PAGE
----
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Treachery of Images

The Treachery of Images

The Treachery of Images (La trahison des images 1928–29) is a series of paintings by Belgian Surrealist painter René Magritte, famous for its inscription Ceci n'est pas une pipe French for this is not a pipe. The paintings are currently housed at the Los Angeles County Museum of Art (LACMA) in Los Angeles, California and at the Menil Collection in Houston, Texas.

The picture shows a pipe that looks as though it might come from a tobacco store advertisement. Magritte painted below the pipe: "Ceci n'est pas une pipe" (This is not a pipe), which seems a contradiction but is actually true. The painting is not a pipe, but rather an image of a pipe. As Magritte himself commented: "The famous pipe. How people reproached me for it! And yet, could you stuff my pipe? No, it’s just a representation, is it not? So if I had written on my picture ‘This is a pipe,’ I’d have been lying!" (cited in Harry Torczyner, Magritte: Ideas and Images, p. 71.)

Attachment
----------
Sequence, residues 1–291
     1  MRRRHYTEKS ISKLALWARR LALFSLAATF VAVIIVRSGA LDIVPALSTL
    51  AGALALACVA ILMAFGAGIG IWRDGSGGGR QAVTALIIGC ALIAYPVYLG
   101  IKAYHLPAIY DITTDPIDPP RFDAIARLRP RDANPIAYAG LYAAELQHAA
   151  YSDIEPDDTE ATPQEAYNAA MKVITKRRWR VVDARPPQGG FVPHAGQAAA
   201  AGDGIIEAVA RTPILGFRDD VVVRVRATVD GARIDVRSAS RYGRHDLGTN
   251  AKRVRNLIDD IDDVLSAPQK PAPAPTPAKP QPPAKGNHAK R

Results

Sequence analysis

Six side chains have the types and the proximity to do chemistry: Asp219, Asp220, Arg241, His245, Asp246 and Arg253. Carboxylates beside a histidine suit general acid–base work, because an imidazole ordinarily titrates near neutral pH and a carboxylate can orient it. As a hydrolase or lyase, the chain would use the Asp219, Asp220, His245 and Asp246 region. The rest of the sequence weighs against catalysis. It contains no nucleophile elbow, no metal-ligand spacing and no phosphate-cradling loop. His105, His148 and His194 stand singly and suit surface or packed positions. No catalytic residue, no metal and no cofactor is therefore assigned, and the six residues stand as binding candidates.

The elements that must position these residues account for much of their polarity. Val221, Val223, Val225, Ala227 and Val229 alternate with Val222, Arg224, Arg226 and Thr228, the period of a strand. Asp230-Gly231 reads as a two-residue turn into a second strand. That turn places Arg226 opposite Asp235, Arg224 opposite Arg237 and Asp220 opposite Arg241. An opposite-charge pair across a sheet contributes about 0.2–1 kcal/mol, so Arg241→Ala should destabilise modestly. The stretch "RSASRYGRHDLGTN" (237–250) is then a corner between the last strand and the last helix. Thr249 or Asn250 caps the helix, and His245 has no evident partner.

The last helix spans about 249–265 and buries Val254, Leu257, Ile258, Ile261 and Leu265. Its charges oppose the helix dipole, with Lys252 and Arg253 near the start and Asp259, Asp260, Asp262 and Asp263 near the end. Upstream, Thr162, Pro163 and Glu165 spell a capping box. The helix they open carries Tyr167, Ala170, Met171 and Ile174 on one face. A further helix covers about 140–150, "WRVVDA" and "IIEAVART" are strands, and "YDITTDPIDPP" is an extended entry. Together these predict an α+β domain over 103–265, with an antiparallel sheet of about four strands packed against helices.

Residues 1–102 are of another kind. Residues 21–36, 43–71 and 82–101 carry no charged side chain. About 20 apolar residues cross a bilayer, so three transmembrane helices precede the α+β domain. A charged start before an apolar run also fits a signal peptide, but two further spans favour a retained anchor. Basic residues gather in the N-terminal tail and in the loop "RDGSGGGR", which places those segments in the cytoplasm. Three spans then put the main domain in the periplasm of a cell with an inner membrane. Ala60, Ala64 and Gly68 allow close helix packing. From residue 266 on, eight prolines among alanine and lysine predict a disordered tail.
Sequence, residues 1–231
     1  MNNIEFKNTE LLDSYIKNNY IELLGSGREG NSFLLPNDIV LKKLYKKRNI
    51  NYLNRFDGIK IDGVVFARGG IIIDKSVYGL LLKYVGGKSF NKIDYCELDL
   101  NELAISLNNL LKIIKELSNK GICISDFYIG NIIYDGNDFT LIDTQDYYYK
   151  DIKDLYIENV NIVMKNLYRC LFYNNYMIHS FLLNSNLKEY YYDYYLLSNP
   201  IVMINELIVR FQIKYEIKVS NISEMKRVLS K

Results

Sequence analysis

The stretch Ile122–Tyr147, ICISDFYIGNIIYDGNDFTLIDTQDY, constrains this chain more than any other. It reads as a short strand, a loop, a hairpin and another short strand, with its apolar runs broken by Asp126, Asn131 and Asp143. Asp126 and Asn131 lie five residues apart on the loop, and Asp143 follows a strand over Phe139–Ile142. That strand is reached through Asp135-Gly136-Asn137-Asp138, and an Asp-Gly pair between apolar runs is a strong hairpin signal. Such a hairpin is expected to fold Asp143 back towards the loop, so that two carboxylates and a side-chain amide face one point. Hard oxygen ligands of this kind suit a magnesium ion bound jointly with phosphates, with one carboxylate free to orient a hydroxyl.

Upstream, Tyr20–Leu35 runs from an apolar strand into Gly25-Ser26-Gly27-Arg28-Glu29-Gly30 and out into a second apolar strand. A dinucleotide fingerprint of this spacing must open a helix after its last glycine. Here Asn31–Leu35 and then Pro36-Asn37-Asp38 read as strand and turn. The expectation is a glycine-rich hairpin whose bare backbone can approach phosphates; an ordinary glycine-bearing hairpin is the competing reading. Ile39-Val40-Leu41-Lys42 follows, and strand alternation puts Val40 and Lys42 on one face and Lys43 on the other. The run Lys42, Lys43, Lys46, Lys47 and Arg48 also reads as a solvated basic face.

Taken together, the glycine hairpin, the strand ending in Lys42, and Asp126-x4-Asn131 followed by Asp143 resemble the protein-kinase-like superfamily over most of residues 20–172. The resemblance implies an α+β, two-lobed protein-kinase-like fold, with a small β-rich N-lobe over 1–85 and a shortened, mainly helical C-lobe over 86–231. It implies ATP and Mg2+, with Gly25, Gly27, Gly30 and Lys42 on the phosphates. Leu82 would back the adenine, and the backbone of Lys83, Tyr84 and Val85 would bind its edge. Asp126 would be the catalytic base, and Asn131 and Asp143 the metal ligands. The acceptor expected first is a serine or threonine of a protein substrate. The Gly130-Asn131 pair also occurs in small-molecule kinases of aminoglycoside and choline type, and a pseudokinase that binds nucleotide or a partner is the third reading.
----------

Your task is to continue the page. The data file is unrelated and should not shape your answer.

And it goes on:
Magritte extends the style and effect in his 1930 painting The Key of Dreams.

In popular culture

Countless other works of art or entertainment have made use of the phrase "Ceci n'est pas...", a translation, or a variation on the concept of the difference between an image and a symbol, one example being The Simpsons couch gag for the season nineteen episode "That 90's Show" where The Simpsons are seated on the couch with the caption, "Ceci n'est pas une couch gag". "Ceci n'est pas une pipe" is also the name of a level in Lemmings 2.

Literary and cultural criticism

French literary critic and philosopher Michel Foucault discusses the painting and its paradox in his 1973 book, This is not a Pipe (English edition, 1991).

In Scott McCloud's Understanding Comics, the painting is used as an introduction to the second chapter. McCloud points out that not only is the version that appears in his book not a pipe; it is several printed copies of a drawing of a painting of a pipe.

Douglas Hofstadter also discusses this painting and other images like it in his book Gödel, Escher, Bach: an Eternal Golden Braid, a treatise on formal systems and intelligence.

See also

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